This Critical Step Could Keep Homeless People With Mental Illness Off The Streets

Happy homeless african american man outdoors during the day.
Happy homeless african american man outdoors during the day.

It's becoming more and more clear: Providing homeless people with housing first and foremost is vital in getting them off the streets for good.

A new study that examined nearly 1,200 homeless individuals who have a mental illness in Canada is building on evidence that the "housing first" model is more successful in combating the issue than other methods.

The approach, which prioritizes providing homeless people with stable shelter first and then addressing health and employment issues after, was backed by the White House as an "evidence-based strategy" last summer.

The study, executed by researchers in Toronto over a two-year period, looked at two groups of homeless people with mental illness -- one (the "intervention" group) was given rent supplements to access stable housing, as well as provided with case management services, while the other (or "usual care" group) only had access to existing housing and support services in their communities.

In all four cities that the study was conducted -- Montreal, Toronto, Vancouver and Winnipeg -- the intervention groups were in stable housing a significantly higher portion of time throughout the study period than their usual care counterparts. In Study City B (the sites did not want to be individually identified and were therefore referred to by letter in the report), participants in the intervention group were in stable housing 73.2 percent of the time, while usual care participants were in stable housing just 23.6 percent of the time.

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"Housing first is not housing only. It is housing with support," Vicky Stergiopoulos of St. Michael’s Hospital in Toronto and lead author of the study told the Washington Post. "And a lot of the individuals, or most of them, would not be able to keep their housing without support."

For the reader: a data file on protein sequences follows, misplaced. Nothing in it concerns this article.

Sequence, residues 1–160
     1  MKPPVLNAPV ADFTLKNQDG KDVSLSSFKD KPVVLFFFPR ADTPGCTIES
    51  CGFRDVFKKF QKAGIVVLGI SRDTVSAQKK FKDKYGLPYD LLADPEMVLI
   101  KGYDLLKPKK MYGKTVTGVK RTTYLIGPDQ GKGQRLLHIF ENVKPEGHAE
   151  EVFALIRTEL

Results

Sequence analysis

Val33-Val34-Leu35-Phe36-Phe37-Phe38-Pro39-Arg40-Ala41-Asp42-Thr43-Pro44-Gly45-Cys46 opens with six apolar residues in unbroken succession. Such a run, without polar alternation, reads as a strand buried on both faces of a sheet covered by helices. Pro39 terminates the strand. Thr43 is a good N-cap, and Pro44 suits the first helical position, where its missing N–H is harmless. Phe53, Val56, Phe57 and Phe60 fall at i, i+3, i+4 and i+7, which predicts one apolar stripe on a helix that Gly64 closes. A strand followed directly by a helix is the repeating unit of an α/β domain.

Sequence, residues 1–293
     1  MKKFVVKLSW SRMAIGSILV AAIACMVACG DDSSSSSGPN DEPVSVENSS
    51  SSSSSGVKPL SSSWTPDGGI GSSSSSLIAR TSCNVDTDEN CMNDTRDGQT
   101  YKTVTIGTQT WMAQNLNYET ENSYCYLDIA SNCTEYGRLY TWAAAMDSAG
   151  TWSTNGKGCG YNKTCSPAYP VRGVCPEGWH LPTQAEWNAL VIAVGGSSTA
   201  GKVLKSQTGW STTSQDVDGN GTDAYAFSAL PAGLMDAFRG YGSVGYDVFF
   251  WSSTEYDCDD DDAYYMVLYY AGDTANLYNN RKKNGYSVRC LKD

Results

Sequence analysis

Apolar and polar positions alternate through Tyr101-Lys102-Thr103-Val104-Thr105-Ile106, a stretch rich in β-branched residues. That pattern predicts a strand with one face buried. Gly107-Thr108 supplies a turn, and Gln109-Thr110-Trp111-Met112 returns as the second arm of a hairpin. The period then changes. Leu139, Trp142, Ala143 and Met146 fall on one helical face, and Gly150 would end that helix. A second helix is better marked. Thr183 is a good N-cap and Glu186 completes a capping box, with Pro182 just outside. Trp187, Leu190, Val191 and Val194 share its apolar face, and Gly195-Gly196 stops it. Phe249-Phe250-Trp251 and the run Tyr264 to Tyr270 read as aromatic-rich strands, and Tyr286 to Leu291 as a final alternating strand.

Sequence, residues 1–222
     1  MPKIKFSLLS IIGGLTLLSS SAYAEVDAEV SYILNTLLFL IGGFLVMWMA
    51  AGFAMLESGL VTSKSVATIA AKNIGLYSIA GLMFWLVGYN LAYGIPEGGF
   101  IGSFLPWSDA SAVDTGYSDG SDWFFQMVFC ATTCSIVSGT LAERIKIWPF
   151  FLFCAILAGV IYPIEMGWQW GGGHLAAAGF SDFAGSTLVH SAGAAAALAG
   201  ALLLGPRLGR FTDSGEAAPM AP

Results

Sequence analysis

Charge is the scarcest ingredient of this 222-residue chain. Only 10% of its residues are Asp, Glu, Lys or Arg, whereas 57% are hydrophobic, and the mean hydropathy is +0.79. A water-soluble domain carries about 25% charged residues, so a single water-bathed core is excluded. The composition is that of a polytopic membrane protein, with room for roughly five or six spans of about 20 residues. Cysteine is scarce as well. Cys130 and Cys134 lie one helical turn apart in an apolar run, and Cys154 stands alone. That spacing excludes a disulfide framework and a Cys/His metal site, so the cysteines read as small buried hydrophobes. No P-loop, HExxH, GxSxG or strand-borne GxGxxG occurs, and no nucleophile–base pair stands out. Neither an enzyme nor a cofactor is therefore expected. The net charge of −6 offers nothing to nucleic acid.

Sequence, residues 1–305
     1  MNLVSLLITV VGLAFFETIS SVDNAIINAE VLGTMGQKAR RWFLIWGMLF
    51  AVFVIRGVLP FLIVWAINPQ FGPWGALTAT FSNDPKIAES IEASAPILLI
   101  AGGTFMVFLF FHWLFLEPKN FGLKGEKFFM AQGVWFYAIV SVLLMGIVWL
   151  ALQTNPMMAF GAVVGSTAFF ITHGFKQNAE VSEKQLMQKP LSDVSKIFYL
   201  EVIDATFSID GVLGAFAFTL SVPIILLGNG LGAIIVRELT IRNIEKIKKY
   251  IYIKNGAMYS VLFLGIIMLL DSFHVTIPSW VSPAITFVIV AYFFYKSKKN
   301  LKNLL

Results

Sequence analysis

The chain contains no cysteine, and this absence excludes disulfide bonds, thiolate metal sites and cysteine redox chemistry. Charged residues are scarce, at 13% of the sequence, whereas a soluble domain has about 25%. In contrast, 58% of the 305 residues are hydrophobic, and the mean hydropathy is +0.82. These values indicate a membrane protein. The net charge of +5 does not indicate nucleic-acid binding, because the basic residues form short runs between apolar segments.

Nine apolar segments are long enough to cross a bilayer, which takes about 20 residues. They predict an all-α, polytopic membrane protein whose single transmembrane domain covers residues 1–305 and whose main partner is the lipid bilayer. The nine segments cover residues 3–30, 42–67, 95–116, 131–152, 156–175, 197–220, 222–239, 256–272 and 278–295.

The study examined participants between October 2009 and July 2011, and was published in The Journal of the American Medical Association (JAMA) on Tuesday.

The "housing first" model has a proven track record of success in Charlotte, North Carolina, and Utah -- a state that has reduced its chronic homelessness rate by 72 percent over a decade.

Officials in Camden, New Jersey, announced last month that a "housing first" model would be implemented throughout the county. Using federal funds, the program aims to house 50 people throughout the next two years.

Participants -- who will be identified by local health care providers that routinely see them in need of medical services -- will have their rental costs covered either partially or entirely through public funding.

Dr. Jeffrey Brenner, chief executive officer of the Camden Coalition of Healthcare Providers -- a partner in the initiative -- said not only will the approach work for New Jersey residents, but it'll benefit the community financially, too.

"It saves money in the long run, because [homeless people are] not in hospitals and emergency rooms, and they're not in jail -- all of which takes up a lot of resources," Dr. Jeffrey Brenner, chief executive officer of the Camden Coalition of Healthcare Providers -- a partner in the initiative -- told the South Jersey Times. "A lot of these people are re-admitted to [Cooper University Hospital] over and over again, in the emergency room, for things that you wouldn't need to be in the hospital for, if you had a place to live."

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